Anthony Barnett is himself a translator of immense subtlety and power and I urge our readers to look for his 2012 publication of Translations which he published in association with Tears in the Fence. In that extraordinarily powerful collection we can read the entire script of Akutagawa’s A Fool’s Life as well as major poems by Roger Giroux, Anne-Marie Albiach, Alain Delahaye, Andrea Zanzotto and Paul Celan amongst many others. That volume, like this excellent little lecture, is a model of the art of fine printing and it is available from


Ian Brinton July 22nd 2014



Tears in the Fence cover archive

Tears in the Fence cover archive

There’s a milestone coming up and some interest has been expressed in old Tears in the Fence covers. So, in the service of all things vintage, I thought I’d track down a few.

Following on from the cut-up illustration by Elaine Drake used in No. 23. Summer 1999, not long after I joined the magazine, and right away embarked upon what in hindsight we’ll call the ‘bright phase.’

This is the second cover from the Tears in the Fence archive. Here we’ve jumped years to, I think, the last incarnation before the present design. Issue No. 48 – one of the bridge series. In this case, the Forth Bridge, using a photo that I took on a visit to Edinburgh. And yes, I do think maintenance was being undertaken at the time.


I was looking on the cover, and then inside, for the date. Annoyingly I must have decided that a date was unnecessary or, more likely, that not having a date added to its timelessness. Hmmm! But, strike that. I’ve just looked on the spine and there it is: Summer 2008.


By this time the format of the magazine is A5, and we have dispensed with varnishing to give a more tactile feel, but it is still single colour print onto card. The font is Garamond.


Westrow Cooper 21st July 2014

Anthony Barnett’s InExperience and UnCommon Sense in Translation

Anthony Barnett’s InExperience and UnCommon Sense in Translation

Allardyce Book ABP

This lecture on translation delivered at Meiji University, Tokyo, in May 2002, has been lightly revised and is prefaced with a new note updating references.

Barnett confronts the slippery world of translation theory by boldly asserting that there is no usable theory of translation other than treating each text to be translated in terms of its own necessary requirements and using your head. He utilises Umberto Eco, whose book Experiences in Translation offers practical and imaginative solutions to various problems, Yves Bonnefoy, who believes that translation is not only possible but also poetry rebegun, and his own experiences. He uses the word uncommon to indicate that a common sense solution to a translation may not be obvious, and that something unusual or uncommon may be seen eventually to be the obvious common sense solution. There is, he argues, a way through to the poetic equivalent in the second language.

The lecture is full of illuminating asides and examples of what he means. Barnett notes that poetry, whilst a special use of language, may not be special in every way by comparison with packaged food labels and product instruction sheets, which come in several languages. He wonders why the translators may opt on the same packet for a less precise equivalent and a potentially hazardous result, and notes the necessity to avoid calamitous results by confidently refusing nonsense.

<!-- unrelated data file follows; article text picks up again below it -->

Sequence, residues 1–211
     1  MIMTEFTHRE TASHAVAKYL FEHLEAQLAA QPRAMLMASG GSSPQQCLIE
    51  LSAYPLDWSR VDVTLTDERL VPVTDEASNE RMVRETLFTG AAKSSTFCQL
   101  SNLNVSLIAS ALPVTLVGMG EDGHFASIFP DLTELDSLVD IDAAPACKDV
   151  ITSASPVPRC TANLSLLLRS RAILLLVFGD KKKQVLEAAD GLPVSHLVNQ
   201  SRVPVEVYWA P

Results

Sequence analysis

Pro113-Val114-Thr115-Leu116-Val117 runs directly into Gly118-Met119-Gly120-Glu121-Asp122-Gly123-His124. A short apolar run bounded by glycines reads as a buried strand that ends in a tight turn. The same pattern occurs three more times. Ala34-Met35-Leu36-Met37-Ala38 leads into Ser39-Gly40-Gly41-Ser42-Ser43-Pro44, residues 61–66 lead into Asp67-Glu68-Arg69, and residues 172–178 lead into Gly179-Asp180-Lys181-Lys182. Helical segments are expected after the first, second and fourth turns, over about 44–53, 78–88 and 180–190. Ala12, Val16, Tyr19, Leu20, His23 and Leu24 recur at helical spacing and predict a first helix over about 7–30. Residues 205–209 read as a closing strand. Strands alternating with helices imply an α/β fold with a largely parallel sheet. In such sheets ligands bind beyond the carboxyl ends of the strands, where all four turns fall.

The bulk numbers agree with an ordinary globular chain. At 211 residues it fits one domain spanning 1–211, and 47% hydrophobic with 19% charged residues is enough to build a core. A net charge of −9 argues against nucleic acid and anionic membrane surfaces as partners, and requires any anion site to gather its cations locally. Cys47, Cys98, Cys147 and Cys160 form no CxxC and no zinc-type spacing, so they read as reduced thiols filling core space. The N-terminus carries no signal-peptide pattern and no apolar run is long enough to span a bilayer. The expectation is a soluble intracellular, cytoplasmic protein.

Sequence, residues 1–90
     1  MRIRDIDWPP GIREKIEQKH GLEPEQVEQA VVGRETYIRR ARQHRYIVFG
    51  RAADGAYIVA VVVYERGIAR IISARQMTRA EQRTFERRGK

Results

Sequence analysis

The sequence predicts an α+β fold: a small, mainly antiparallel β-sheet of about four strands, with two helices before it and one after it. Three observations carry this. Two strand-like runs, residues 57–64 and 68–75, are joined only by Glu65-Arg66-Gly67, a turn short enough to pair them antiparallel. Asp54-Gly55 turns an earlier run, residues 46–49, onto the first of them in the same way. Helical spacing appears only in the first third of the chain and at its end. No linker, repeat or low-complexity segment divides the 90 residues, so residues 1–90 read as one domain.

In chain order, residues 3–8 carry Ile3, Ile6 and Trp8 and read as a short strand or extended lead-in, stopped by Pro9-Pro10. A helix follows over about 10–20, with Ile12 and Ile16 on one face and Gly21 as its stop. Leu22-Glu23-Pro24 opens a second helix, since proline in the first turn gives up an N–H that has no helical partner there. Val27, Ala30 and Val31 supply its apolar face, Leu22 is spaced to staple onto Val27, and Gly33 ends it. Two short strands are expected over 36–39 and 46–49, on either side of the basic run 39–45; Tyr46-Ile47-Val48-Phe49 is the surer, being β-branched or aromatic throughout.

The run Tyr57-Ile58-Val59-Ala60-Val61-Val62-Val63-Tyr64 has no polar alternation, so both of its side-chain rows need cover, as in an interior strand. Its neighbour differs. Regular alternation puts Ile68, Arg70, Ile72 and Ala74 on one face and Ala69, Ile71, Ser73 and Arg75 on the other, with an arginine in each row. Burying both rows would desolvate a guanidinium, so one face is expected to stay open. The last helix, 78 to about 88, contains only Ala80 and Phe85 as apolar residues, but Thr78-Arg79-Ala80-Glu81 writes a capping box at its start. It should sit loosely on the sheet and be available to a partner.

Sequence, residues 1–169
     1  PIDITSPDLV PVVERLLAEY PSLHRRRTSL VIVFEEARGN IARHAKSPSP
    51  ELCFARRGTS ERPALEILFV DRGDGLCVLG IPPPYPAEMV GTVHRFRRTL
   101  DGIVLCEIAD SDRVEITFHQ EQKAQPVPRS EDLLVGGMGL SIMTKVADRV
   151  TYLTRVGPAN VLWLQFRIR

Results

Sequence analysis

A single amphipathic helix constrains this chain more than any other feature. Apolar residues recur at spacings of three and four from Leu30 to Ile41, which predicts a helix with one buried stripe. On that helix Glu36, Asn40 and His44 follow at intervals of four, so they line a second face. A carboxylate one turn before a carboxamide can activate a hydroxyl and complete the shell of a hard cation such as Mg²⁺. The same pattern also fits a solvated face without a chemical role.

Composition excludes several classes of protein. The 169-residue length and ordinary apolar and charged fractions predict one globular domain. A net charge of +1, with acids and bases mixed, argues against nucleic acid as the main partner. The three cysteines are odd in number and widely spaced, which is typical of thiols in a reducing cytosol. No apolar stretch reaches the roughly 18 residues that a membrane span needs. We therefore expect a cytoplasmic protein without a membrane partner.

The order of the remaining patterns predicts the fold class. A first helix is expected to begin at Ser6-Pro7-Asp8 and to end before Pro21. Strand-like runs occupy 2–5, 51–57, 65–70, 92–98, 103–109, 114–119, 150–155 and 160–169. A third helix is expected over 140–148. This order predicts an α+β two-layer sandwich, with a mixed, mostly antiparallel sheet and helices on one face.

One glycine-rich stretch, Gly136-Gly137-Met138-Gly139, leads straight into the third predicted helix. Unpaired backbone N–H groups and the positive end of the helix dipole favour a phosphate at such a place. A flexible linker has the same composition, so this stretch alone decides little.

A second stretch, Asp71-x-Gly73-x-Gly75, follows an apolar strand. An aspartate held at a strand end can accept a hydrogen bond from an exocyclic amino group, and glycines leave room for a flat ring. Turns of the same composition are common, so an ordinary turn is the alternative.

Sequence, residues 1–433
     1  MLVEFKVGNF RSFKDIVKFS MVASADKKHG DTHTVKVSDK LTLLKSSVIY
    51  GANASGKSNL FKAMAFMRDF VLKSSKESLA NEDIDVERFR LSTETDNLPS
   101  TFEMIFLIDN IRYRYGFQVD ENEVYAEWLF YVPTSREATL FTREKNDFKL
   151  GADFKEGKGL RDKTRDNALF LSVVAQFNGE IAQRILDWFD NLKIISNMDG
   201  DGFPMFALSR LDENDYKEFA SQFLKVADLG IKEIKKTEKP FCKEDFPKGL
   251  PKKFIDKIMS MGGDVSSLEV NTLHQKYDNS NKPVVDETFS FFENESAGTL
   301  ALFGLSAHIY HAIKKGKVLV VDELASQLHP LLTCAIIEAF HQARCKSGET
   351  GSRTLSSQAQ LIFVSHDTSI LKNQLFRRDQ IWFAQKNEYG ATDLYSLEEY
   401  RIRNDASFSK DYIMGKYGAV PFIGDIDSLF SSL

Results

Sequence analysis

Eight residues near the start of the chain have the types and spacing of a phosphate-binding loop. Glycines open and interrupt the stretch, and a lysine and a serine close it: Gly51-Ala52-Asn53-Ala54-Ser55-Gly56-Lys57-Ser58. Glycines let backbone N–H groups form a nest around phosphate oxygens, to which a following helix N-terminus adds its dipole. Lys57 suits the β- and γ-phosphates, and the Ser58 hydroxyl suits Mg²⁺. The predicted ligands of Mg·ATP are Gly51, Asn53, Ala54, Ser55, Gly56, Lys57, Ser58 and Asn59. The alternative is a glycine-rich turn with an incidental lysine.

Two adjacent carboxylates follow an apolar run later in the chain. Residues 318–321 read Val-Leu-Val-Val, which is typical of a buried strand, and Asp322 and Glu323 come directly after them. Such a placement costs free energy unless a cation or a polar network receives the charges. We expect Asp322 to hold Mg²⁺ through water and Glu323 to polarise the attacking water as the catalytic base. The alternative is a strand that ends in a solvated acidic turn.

His first example refuting the impossibility of translation is the Italian poet, Giuseppe Ungaretti’s two line poem, ‘Mattina’ (‘Morning’) ‘M’illumino / d’immenso’, literally ‘I am illuminated / with immensity’ and other possible but unpoetic versions. He explains how he found the solution ‘I am blessed with light’ one morning. The line certainly has more poetry than the literal translation and is in harmony with the original.

Amongst further examples, Barnett considers Donald Keene’s problem with translating Midori iro no sutokkingu by Abe Kōbō. When Keene asked the playwright whether the translation should be singular or plural, there being a lack of distinction in the Japanese, he replied that it was his problem. Keene settled for the plural, The Green Stockings. Barnett notes that he failed to utilise the help given by the non-committal reply and could have dispensed with the definite article and the plural to arrive at the more poetic, Green Stocking.

In his consideration of Bashō’s famous frog haiku ‘Furuike ya / kawazu tobikomu / mizu no oto’, translated by Nobuyuki Yuasa as ‘Breaking the silence / Of an ancient pond / A frog jumped into water / A deep resonance’, he cites the concrete poet and Benedictine priest, dom sylvester houédard’s fortune teller origami construction from 1965 where the reader manipulates the folded paper to reveal ‘frog / pond / plop’. This wonderful solution to the translation moreover also has the mouth and shape of the frog, the hollow and shape of the pond, and splosh of the plop as the fortune teller is manipulated through its various combinations. This translation is a shade more minimal than say Cid Corman’s ‘old pond / frog leaping / splash’.

Barnett also points to the example of exceptional author-translators and cites the practice of Samuel Beckett and Isak Dinesen of re-writing their original work in translation. Sentences are recast and passages removed, and sometimes added.

The lecture is full of practical common sense and comes with an appendix ‘Thinking About Translation’, addressed to a translation symposium in Bremen and a translation of Leopardi’s ‘The Infinite’ poem, with accompanying note, as an insert. The translation ends:

In this immensity my mind goes under:

And my foundering at sea is sweet.


David Caddy 6th July 2014